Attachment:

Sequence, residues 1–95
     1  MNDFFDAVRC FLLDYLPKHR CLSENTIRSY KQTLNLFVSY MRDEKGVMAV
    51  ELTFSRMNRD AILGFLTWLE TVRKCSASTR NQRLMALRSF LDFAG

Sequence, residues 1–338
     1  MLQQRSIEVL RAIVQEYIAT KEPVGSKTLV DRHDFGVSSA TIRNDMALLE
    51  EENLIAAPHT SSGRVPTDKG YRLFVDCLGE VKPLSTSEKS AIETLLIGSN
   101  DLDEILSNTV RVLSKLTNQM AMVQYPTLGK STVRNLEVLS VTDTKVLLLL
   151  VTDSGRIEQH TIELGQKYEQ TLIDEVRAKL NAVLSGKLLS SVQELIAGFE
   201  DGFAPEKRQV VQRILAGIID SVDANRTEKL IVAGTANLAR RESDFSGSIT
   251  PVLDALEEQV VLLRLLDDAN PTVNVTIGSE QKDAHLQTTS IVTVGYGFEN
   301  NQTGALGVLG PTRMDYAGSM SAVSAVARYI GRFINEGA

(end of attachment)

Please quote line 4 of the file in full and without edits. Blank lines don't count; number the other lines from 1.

Sequence, residues 1–338